travel guide

The French Playground on the Cote D’Azur

The Riviera is France’s playground, the famous Cote d’Azur. The French Riviera stretches from Toulon to the Italian border and is dotted with famous spots: Nice, Cannes, Menton, Beaulieu, Cap d’Antibes, Juan-les-Pins, St.-Tropez, Eden Roc and of course, Monte Carlo in the principality of Monaco.
Nice is the largest of the Riviera resorts. It has the Promenade des Anglais, a famous pre-Lenten Carnival coinciding with the end of the Monte Carlo Rally, and some very fine hotels such as the Negresco, the Angleterre, the Royal, the Ruhl, the Plaza and the Splendid. Not so large, but smarter and more frequented by the International set is Cannes, where Prince Ali Khan lived in the fantastic modernist villa, the Chateau de l’Horizon, which was constructed in 1932 for the American actress, Maxine Elliott. There are wonderful hotels, luxurious branches of Paris shops, wonderful beaches and two casinos. The beach boulevard La Croisette has the Carlton, the Martinez (the largest hotel on the Riviera), the Majestic and others. There are at least 35 hotels in the town. Between Cannes and Nice is the Cap d’Antibes, which has the famous luxury Hotel du Cap; the Eden Roc, with its famous pool and restaurant, and Le Grand Hotel du Cap Estel, a beautiful romantic spot with its own beach and lovely garden which is located on the low Corniche, one mile after Eze-sur-Mer. Also at Juan-les-Pins, the de luxe Hotel Provencal.

At Monte Carlo there is the Casino, the most famous in the world. This is an enormous ornate building, marbled and mirrored with crystal chandeliers everywhere you turn. There are several hotels at Monte Carlo, most famous of which is the Hotel de Paris. There are the Metropole, the Hermitage, the Mirabeau, the Monte-Carlo Beach, any of which is first rate. Along the entire Riviera there is wonderful golf, fishing, swimming and boating. It is a yachtsman’s paradise, but it is fun for small boatsmen, too; there are water skiing and underwater fishing. In the winter there is skiing about 25 miles inland from the beaches.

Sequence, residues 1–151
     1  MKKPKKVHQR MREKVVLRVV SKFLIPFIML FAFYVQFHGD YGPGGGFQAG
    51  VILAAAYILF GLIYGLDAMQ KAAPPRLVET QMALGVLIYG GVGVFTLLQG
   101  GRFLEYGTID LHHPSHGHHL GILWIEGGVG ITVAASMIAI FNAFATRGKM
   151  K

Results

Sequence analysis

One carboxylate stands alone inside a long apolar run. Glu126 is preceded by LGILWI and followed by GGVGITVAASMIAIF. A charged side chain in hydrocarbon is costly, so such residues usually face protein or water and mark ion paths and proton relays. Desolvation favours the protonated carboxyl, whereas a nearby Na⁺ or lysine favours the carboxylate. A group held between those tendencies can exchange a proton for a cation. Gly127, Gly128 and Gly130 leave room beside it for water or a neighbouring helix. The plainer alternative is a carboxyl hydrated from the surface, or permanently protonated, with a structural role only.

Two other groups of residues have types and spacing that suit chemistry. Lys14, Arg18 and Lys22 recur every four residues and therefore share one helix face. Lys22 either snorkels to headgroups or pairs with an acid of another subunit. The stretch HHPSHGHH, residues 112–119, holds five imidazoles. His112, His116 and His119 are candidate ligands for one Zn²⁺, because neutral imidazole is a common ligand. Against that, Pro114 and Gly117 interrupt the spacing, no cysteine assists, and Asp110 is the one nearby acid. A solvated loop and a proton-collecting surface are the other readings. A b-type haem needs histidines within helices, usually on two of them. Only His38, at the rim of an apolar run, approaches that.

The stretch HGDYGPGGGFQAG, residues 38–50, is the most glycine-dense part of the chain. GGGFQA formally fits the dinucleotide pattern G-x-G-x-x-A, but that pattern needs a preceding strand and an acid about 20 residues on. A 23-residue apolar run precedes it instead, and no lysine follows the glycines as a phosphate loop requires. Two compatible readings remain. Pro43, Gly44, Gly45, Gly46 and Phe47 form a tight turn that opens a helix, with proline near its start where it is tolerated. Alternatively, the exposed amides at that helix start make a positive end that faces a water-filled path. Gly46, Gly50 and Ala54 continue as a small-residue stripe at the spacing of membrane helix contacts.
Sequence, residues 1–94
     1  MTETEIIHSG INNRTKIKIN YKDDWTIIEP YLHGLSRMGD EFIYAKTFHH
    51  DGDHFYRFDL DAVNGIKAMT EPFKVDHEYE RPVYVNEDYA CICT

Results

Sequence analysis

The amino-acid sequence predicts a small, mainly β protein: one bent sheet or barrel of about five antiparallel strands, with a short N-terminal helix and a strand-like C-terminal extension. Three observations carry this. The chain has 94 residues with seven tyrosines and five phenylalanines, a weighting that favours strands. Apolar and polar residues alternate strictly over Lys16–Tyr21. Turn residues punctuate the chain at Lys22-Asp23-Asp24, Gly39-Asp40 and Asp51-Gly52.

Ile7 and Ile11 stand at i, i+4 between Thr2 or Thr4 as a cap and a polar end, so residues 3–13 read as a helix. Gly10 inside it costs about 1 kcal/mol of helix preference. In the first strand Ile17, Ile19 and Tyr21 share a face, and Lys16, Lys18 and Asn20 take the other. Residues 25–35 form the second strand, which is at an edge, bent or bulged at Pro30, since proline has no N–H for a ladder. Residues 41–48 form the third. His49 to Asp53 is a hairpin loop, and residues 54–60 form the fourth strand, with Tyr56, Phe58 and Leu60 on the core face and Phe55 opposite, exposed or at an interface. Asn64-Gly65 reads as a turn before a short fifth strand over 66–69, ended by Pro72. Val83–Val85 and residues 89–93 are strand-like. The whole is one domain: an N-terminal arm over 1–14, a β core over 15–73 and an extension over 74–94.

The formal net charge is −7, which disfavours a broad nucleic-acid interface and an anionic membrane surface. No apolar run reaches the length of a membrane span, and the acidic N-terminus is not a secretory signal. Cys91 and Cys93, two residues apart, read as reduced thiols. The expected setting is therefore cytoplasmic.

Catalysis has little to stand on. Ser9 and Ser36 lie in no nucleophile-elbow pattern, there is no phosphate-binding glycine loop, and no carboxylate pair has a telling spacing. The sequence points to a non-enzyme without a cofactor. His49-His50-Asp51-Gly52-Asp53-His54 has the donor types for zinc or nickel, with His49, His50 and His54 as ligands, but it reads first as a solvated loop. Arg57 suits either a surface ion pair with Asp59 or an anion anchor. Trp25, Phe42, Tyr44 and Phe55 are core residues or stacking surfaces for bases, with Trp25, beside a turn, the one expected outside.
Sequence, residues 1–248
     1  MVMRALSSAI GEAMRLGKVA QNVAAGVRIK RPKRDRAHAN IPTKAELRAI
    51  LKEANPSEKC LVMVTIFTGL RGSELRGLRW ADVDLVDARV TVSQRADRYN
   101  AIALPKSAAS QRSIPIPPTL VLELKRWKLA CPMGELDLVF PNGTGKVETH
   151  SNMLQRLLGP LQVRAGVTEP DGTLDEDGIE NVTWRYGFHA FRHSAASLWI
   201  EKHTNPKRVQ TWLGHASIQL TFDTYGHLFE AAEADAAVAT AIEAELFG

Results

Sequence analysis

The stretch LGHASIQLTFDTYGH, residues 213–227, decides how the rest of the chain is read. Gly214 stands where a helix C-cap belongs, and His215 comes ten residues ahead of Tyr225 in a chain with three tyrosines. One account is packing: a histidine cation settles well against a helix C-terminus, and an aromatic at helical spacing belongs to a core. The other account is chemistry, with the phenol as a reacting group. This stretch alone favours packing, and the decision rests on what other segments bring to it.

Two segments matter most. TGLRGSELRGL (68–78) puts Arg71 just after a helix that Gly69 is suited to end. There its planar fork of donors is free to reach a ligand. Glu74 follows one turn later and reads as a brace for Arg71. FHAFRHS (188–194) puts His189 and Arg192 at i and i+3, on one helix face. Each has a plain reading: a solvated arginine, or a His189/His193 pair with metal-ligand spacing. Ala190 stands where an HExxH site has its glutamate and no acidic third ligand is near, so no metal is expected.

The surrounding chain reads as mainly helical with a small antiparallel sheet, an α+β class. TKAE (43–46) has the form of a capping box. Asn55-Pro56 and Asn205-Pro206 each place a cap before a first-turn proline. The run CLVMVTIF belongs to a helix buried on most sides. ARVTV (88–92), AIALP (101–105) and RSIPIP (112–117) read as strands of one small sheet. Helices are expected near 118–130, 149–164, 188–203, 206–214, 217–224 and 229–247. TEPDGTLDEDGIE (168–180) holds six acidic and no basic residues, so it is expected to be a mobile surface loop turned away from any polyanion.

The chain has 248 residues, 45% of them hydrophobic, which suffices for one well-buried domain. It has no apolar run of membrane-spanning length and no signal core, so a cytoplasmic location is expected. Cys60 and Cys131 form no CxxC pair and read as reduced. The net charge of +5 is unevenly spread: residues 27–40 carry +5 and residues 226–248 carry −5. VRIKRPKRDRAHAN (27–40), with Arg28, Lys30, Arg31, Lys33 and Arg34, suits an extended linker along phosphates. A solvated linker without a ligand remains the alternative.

There are, however, less swank and equally beautiful resorts along the Riviera. St.-Tropez, St. Raphael, Juan-les-Pins, all with wonderful beaches, many with fine hotels and small pensions. Or try some of the smaller fishing villages such as Villefranche, Cap Ferrat and Cap d’Ail. Many hotels reduce rates as much as 20 per cent in winter to encourage tourists.
From Nice three roads lead to Monte Carlo and the Italian frontier. They are the Basse (low) Corniche, Moyenne (middle) Corniche, and Grande (high) Corniche. Each one runs on its different level out into the hills. From each you get that famous view of the Riviera.

The coast from Cannes to Menton, which the French call the Cote d’Azur, has been the `playground of Europe’ for more than a century. Its secret is its warm, sunny climate, mild even in winter, and the majestic scenery of the steep coast east of Nice. For years the Riviera was the preserve of the rich and titled, today it is urbanized and popularized, pleasanter in many ways in winter than in summer.